Virtual Reality, called ‘VR’ for short, has been around for a few decades now, having started out as stereo displays, immersive entertainments, and simulated environments. It has become more viable as a consumer product these last few years, but it’s been on the public consciousness since the ’90s. Ask any Gen-Xer and they’ll tell you about the first generation of VR games. However, the first development of the technology and the concepts that would become VR were introduced further back in the past, coalescing in the ’50s and gaining momentum 40 years later.
19th Century — Immersive, 360 degree murals and panoramic paintings were the earliest attempts at creating environments in which the viewer would be lost in. The scale and scope of these artistic renderings of fictional and non-fictional events were meant for the viewer to feel as if they were there.
1838 — Stereoscopic viewers — Research by Charles Wheatstone found that the brain processes the two slightly different images each eye receives into three dimensions. This leads to the development of three dimensional stereoscopic viewers and, in the 1930s, the View-Master.
1929 — The “Link Trainer” Flight Simulator — A far cry from today’s multi-million dollar computer-controlled flight sims decked out with flat panel displays, the Link Trainer (developed by its namesake, Edward Link) was the first flight simulator developed to improve piloting skills. It had rudimentary articulation to simulate flying conditions,
1930s — Science fiction predicts the development of VR — Science fiction “pulps”, or magazines, predict that computer-generated environments where users will experience sights, sounds and touch (and smells) generated artificially. Sci-fi writer Stanley G. Weinbaum writes Pygmalion’s Spectacles, a story that predicts the use of head-mounted displays.
1950s — Sensorama — Inventor Morton Heilig introduced the Sensorama, a theater cabinet that looked film booths, which featured stereo sound, stereographic film projectors, a vibrating chair and scent generators. The films, which he also produced, were meant to put the viewer in the environment he captured.
1950s — Douglas Engelbart, an electrical engineer and former US Navy radar technician, foresaw the use of computers as displaying information. This idea was radical for its time because computers were viewed as glorified adding machines, but there was a need for data visualization. The military was looking for a way to display information processed from radar stations around the world, in real time. Aircraft designers wanted to visualize airflow data from wind tunnel models.
1960 — Telesphere Mask, the first head-mounted display — Heilig is also credited with creating the first head-mounted display, which he dubbed the Telesphere Mask. However, the HMD was non-interactive and did not feature any motion tracking.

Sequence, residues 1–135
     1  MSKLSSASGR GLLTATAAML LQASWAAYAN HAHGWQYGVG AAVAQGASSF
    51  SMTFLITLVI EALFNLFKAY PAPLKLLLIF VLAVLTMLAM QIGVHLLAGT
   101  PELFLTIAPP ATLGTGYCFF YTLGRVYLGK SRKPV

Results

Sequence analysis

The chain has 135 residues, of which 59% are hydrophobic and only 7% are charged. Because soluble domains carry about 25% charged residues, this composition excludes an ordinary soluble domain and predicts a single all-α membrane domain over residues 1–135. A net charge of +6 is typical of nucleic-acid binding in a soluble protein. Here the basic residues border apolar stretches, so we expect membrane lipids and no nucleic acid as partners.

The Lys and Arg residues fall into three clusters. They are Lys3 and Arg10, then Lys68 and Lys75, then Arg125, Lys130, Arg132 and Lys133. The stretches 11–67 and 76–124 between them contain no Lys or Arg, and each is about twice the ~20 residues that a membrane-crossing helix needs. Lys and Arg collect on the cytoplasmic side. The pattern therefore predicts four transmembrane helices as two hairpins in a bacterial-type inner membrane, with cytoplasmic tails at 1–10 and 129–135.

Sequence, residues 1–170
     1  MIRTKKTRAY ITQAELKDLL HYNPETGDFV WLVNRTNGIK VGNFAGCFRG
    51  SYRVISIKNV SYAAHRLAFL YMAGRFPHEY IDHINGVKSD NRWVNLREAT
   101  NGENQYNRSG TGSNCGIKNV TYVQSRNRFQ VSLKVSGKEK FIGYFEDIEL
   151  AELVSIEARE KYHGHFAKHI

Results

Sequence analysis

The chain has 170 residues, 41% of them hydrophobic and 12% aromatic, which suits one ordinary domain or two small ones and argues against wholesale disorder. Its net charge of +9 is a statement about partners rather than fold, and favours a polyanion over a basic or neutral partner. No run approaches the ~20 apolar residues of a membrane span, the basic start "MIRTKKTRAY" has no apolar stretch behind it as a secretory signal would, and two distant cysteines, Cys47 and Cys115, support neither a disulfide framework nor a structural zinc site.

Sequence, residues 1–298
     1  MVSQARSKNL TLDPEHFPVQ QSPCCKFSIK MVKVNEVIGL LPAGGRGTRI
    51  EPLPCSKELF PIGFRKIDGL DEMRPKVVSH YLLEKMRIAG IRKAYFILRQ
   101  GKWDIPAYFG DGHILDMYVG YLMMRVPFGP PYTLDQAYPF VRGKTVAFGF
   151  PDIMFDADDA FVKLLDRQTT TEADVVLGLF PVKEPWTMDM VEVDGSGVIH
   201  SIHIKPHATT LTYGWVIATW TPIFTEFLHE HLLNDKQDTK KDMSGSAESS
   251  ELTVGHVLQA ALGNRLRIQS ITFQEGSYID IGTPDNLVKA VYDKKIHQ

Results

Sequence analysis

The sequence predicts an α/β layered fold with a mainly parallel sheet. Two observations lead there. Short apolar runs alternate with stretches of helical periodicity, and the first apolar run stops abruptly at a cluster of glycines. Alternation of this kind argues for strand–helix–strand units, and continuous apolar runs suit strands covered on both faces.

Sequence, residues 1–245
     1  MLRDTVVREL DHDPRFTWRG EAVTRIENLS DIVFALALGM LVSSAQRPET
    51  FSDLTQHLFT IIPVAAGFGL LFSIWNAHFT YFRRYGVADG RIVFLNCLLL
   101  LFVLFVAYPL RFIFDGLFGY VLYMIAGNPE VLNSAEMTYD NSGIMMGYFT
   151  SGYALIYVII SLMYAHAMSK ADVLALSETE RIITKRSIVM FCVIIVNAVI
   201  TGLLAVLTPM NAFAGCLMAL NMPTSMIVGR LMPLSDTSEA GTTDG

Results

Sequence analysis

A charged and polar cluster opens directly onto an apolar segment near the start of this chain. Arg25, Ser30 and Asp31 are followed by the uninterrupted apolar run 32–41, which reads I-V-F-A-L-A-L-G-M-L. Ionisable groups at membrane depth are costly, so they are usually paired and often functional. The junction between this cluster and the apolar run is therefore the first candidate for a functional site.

1961 — Headsight, the first HMD with motion tracking — Philco developed the first HMD with tracking, the Headsight, for military use. The HMDs were connected to a closed-circuit camera, with magnetic trackers tracking head motion.
1965 — The Ultimate Display concept — Ivan Sutherland, a computer scientist who would ultimately be named the father of computer graphics, laid out his idea for “The Ultimate Display”. The Ultimate Display would use HMDs and computers to render a realistic, interactive world with accompanying audio in real time.
1968 — The Sword of Damocles — Sutherland and his student, Bob Sproull, introduced The Sword of Damocles, an HMD connected to a computer that was a primitive VR and augmented reality headset. The weight of the headset required it to be mounted to the ceiling and the user strapped into the device. The graphics were primitive, wireframe renderings. The government took interest in Sutherland and his ideas, with NASA, the Department of Defense and the National Science Foundation and the CIA funding his projects.
1969 — Artificial Reality — Myron Kruegere, a computer artist who is now identified as one of the first pioneers of VR and AR researchers, coined the term “Artificial Reality”. He used the term to describe the interactive environments he developed, GLOWFLOW, METAPLAY, and PSYCHIC SPACE. This lead to VIDEOPLACE, a VR lab at the University of Connecticut. Unlike other attempts at VR with HMDs at the time, Kruegere’s Artificial Reality used video cameras, projectors and specialized hardware for use in a room.
1985 — Human Computer Interface or Interaction (HCI) — Development of VR drops out of the public eye for much of the ’70s and ’80s, but the introduction of personal computers and the new ways to interact with machines that VR would allow made computer scientists consider the way people interact with them. Michael McGreevy, in particular, experimented with VR as a new way to interact with computers.